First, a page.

Quick Guide to Cyber Laws
What is Cyber Law?
Cyber Law, which may be classified as “Computer Law”, is considered to be one of the most recently developed legal fields as a result of the ongoing advent of computer-based technology. This type of technology relies heavily on the Internet and online activity, and as a result, regulations and oversight of this type of activity has been expressed in the spectrum of Cyber Law. Cyber Law is a fairly expansive legal field that consists of a variety of avenues and jurisdictions, including the ethical and moral use of the Internet for lawful and legal purposes.
Types of Cyber Law
Cyber Law and Computer Law
Cyber Law within the scope of Computer and Cyber Law may be identified as a form of criminal activity that is facilitated through the usage of electronic, network, and technologically-based communication systems. These systems rely on the Internet as a means of online communication. Cyber Law can range from lawful Internet usage to the regulation of electronic correspondence.
Identity Theft is the criminal act of deceptively assuming the identity of another individual without his or her expressed consent. Those who commit identity theft do so with the intent of committing a crime. Fraudulent and illicit obtainment of personal information through the usage of unsecured websites can be prosecuted through Cyber Law.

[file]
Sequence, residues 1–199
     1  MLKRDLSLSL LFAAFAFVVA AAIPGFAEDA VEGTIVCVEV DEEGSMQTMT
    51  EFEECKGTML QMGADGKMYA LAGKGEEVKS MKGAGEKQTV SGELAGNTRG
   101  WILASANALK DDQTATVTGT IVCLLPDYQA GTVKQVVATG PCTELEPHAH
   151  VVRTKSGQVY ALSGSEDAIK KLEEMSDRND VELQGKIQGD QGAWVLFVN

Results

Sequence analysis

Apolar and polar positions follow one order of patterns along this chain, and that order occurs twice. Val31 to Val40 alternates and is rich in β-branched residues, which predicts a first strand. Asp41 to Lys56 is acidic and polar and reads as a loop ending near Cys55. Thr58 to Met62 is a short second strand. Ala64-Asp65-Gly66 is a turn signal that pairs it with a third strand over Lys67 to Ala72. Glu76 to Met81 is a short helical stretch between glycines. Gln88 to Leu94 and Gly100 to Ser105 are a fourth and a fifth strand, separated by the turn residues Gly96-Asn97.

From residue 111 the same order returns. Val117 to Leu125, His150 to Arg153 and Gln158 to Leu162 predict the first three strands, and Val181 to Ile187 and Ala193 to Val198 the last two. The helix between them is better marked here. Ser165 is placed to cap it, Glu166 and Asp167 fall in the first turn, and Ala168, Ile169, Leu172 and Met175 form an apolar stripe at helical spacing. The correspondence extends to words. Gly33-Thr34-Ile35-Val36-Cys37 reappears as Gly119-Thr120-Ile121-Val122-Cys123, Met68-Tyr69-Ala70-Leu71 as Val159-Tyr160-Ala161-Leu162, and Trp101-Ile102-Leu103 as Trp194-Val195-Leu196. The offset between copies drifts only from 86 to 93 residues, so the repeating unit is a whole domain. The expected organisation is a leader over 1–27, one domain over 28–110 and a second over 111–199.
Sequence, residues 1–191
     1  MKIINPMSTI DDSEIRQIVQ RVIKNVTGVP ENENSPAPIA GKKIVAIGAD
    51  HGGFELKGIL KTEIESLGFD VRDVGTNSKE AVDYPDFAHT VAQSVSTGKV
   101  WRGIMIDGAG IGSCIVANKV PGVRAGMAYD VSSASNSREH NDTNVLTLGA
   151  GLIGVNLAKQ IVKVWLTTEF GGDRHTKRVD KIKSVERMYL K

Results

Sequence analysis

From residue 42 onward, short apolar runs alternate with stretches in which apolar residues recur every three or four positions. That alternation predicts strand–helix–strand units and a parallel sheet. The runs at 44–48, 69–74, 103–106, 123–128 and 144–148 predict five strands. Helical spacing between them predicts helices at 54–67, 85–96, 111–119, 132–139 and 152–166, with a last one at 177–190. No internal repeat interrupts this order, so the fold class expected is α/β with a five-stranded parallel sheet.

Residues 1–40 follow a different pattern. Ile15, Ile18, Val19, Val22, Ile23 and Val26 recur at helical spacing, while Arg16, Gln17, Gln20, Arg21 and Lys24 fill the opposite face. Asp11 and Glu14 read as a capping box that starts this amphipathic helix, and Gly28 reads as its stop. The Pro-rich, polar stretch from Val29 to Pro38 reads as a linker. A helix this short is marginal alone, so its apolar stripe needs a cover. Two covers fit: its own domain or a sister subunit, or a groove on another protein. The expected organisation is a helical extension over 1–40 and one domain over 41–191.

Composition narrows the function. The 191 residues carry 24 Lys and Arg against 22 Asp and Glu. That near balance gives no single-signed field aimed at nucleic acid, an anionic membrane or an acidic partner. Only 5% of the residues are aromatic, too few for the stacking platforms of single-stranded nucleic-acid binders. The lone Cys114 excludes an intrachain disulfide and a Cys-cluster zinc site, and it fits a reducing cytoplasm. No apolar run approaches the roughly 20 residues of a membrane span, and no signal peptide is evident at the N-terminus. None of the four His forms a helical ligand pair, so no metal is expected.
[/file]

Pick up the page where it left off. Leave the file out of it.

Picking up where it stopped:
Hacking is the unlawful entry into the computer terminal, database, or digital record system belonging to another individual. Hacking is conducted with the intent to commit a crime.
Within the scope of Cyber Law, a computer virus is a program created to infiltrate a computer terminal belonging to another individual with the intent to cause damage, harm, and destruction of virtual property.
Spyware are computer programs facilitating the unlawful collection of data, allowing individuals the illicit access to the personal and private information belonging to another individual.
Phishing is a criminal act of fraud involving the illegal and unlawful attempt to obtain restricted, unauthorized, and privileged information through means of fraudulent and communicative requests. Spam is defined as a digitally-based criminal instrument, which involves the unsolicited transmission of electronic communication with intent of committing fraud.
Copyright Law and Cyber Law
Cyber Law prohibits the use of Bit Torrent technology, Peer-to-Peer network file sharing, and any other means of the unlawful, unauthorized transmission of digital, copyrighted media and intellectual property.
Cyber Law defines traditional file-sharing programs as means in which to circulate complete digital media files through digital transmission.
Cyber Law defines Bit Torrent and Peer-to-Peer file sharing as the collective, segmented transmission of digital media through its server(s).
Sex Crimes and Cyber Law
Online Sex Crimes in the scope of Cyber Law are defined as the participation or engagement in sexually-predatory or sexually-exploitative behavior through the facilitation of the Internet, which may include:
The ownership, transmission, or receipt of illicit and illegal pornography, ranging from bestiality to child pornography;
The solicitation of minors or those below the age of consent to participate in sexual activity. This can range from physical sex crimes to virtual sex crimes.